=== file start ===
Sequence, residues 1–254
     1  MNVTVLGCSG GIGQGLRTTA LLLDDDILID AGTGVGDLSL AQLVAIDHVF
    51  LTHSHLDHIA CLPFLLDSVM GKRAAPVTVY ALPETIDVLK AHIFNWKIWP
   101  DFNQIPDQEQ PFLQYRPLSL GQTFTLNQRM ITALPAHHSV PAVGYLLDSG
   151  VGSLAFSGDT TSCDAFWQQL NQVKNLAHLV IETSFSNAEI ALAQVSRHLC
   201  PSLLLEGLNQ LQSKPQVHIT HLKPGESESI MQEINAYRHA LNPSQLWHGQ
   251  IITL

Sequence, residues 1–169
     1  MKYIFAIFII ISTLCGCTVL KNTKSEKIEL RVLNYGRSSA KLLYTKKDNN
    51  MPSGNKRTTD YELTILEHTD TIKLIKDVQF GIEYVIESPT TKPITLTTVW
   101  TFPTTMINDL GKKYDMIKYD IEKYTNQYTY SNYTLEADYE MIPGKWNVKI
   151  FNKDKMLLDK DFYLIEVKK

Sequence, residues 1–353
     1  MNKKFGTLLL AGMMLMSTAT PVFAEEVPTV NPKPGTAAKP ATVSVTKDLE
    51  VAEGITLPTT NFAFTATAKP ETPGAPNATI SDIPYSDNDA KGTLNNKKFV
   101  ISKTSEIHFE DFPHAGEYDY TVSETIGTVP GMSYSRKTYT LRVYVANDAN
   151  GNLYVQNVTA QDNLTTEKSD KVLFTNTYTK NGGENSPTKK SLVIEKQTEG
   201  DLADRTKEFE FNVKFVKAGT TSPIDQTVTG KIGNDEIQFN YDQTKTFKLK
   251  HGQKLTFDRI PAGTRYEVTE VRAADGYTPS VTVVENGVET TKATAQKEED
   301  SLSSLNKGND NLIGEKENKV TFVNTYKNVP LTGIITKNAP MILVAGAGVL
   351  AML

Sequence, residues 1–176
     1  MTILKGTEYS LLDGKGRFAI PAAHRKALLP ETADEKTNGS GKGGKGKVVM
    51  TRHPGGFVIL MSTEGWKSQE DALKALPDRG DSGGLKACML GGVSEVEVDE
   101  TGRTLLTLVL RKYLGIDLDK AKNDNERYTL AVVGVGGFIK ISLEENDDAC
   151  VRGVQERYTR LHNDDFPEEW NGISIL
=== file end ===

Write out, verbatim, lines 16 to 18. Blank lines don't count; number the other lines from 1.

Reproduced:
   101  ISKTSEIHFE DFPHAGEYDY TVSETIGTVP GMSYSRKTYT LRVYVANDAN
   151  GNLYVQNVTA QDNLTTEKSD KVLFTNTYTK NGGENSPTKK SLVIEKQTEG
   201  DLADRTKEFE FNVKFVKAGT TSPIDQTVTG KIGNDEIQFN YDQTKTFKLK